• 4. Kanu, Ijeoma and Achi, O.K., 2011. Industrial Effluents and Their Impact on Water Quality of Receiving Rivers inNigeria.78Journal of Applied Technology in Environmental Sanitation, 1 (1): 75-86.solids, both degradable and nonbiodegradable organics; oils and greases; heavy metal ions;dissolved inorganics; acids, bases and colouring compounds (Table 1)[24].Table 1: Examples of Waste Effluents Generated by Selected IndustriesType of waste Type of plantOxygen-consuming Breweries, Dairies, Distillers, Packaging houses, Pulp and Paper,Tanneries, TextilesHigh Suspended Solids Breweries, Coal washeries, Iron and Steel Industries, Distillers, Pulpand Paper mills, Palm oil millsHigh dissolved solids Chemical plants, Tanneries, Water softeningOily and grease Laundries, Metal finishing, Oil fields, Petroleum refineries, Tanneries,Palm oil millsColoured Pulp and Paper mills, Tanneries, Textile dyehouses, Palm oil millsHigh acid Chemical plants, Coal mines, Iron and Steel, Sulfite pulpHigh alkaline Chemical plants, Laundries, Tanneries, Textile finishing millsHigh Temperature Bottle washing plants, Laundries, Power plant, Textile[24]Industrial effluent characteristics provide basic information about the integrity of the aquatichabitat within such rivers and streams into which they are discharged. Most of these effluentspose inestimable harm to which the microbial entity is the most adversely affected. In Nigeria,there are many small to large cottage industrial establishments that discharge such harmfulwastewater effluents. Although, the physicochemical analysis of the effluents indicates that mostof these industries conform to the recommended FEPA [25] guidelines, however, exceptionsoccur in the total dissolved solids (TDS) and Nitrate (NO3-) contents. These are found to be veryhigh in most of the effluents sampled to which humans and the aquatic habitat are adverselyaffected. It is known that the pH analysis of such effluents shows that effluents from food andbeverage industries tend to be abnormally very acidic [26]. An important pollution index ofindustrial wastewaters is the oxygen function measured in terms of chemical oxygen demand(COD), and biological oxygen demand (BOD5), while the nutrient status of wastewater aremeasured in terms of nitrogen and phosphorus. In addition, other important quality parametersinclude pH, temperature and total suspended solids [27].Industrial effluents are characterized by their abnormal turbidity, conductivity, chemicaloxygen demand (COD); total suspended solids (TSS) and total hardness. The effluent totalhardness concentrations of a chemical-biological treatment plant were found greater than theinfluents. The results are presented in terms of the relative flux as a function of time related tohydrodynamic conditions and pollution characteristics of wastewater [28]. The dominant solublenitrogen form in a typical industrial effluent is NO3-N followed by Kjeldahl-N, NO1-N and non-ionicammonia Mean values of NO3-N, NO2-N, Kjeldahl-N and non-ionic ammonia ranged from 0.50to 2.37 mg L-1, 0.022 to 0.084 mg L-1, 0.33 to 0.99 mg L-1 and 0.007 to 0.092 mg L-1 respectively.Mean values of P-PO4 at most sampling sites were higher than 0.1 mg L-1 for subject toeutrophication and the characteristics of rivers and the nearby soils near them affect theequilibrium concentrations of N and P between the soil and the overlying water Industrial effluentsare also known to exhibit toxicity toward different aquatic organisms.The coastal residential environment in any industrial effluent site is always underconsiderable stress due to the prevailing harsh environmental conditions, especially hightemperature and salinity, restricted benthic fauna diversity and overall development of a fragile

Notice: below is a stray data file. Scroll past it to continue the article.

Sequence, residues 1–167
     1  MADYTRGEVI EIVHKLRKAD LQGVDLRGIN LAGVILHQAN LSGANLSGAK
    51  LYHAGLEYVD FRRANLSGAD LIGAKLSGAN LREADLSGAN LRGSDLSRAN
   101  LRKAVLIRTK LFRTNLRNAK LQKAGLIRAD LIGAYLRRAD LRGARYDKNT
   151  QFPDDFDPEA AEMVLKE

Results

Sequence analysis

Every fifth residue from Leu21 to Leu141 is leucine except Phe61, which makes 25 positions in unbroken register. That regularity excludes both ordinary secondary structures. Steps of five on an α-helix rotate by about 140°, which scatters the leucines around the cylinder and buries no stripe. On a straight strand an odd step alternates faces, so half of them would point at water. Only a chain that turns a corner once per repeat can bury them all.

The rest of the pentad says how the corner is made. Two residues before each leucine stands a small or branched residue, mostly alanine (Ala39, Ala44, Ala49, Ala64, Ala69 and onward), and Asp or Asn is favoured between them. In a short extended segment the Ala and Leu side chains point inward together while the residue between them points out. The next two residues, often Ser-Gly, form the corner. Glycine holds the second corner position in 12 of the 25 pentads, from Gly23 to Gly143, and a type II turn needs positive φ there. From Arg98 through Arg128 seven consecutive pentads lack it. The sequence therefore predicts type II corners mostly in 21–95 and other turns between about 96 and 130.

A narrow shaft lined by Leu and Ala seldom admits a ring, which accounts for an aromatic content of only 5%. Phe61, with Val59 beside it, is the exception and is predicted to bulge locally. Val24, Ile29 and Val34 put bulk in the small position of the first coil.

• 5. Kanu, Ijeoma and Achi, O.K., 2011. Industrial Effluents and Their Impact on Water Quality of Receiving Rivers inNigeria.79Journal of Applied Technology in Environmental Sanitation, 1 (1): 75-86.intertidal ecosystem. The fauna inhabiting the intertidal zone is most likely dominated by a fewspecies probably living at their limit of tolerance [29]. Organic pollution is always evident and thepollution is made worse by land-based sources such as the occasional discharge of raw sewagethrough storm water outlets, and industrial effluents from refineries, oil terminals, andpetrochemical plants [30].Wastes produced by the textile industries have characteristically high concentration ofchemicals. The net effect is a variation of the acid or basic nature of the water. Textiles industriesproduce chemicals with high concentration of caustic chemicals resulting in high pH valuesvarying between 10.0 -11.0. The discharge from the textiles, also bear intense colouration derivedfrom the dyes fibrous materials.SOURCES OF INDUSTRIAL EFFLUENTSPharmaceutical industryPharmaceutical and personal care products (PPCPs) industries suffer from inadequateeffluent treatment due to the presence of recalcitrant substances and insufficient carbon sourcesand nutrients. A large number of pretreatment systems are employed to remove these pollutantsto prevent a host of problems that may otherwise arise in the biological process, and reduce theefficiency of the treatment plant. Problems caused by excessive PPCPs in the environmentinclude possible inhibition on microorganisms, a reduction in the cell-aqueous phase transferrates, a sedimentation hindrance due to the development of filamentous microorganisms,development and flotation of sludge with poor activity, clogging and the emergence of unpleasantodours. Therefore, it is not surprising that research efforts have been directed towards thedevelopment of efficient treatment technologies including various physicochemical and biologicalprocesses. Some of the most representative pharmaceutical and personal care products found inreceiving waters include antibiotics, lipid regulators, antiinflammatories, antiepileptics,tranquilizers, and cosmetic ingredients containing oil and grease with very different chemicalstructures [31]. Conventional biological processes (activated sludge, trickling filters) caneffectively accomplish carbon and nitrogen removal, as well as microbial pollution control.However, pharmaceutical and personal care products contain many different compounds forwhich conventional technologies have not been specifically designed. Their removal efficienciesare influenced, apart by the chemical properties of specific compounds, by microbial activity andenvironmental conditions. The application of a pretreatment to hydrolyze the effluents andbioaugmentation, may improve the biological degradation.Soap and detergent IndustryAlkyl sulfates (AS) are anionic surfactants widely used in household and personal cleansingapplications. Aquatic toxicity of AS under laboratory conditions indicated effects at relatively lowconcentrations (50-230 µg L-1) for some sensitive species. Belanger et al, [32] conducted acomprehensive study of an AS mixture composed of tetra-C14) and pentadecyl (C15) chainlengths to better understand effects on microbial and macroinvertebrate populations andcommunities. A 56-d exposure of AS was performed at concentrations ranging from 57 to 419 µgL-1 (analytically confirmed exposures) and was accompanied by detailed investigations ofperiphyton community function (autotrophy, heterotrophy, and metabolism of test chemical).Periphyton structure (algal population and community dynamics based on taxonomic identity),invertebrate structure (benthic abundance, drift), and insect emergence patterns based on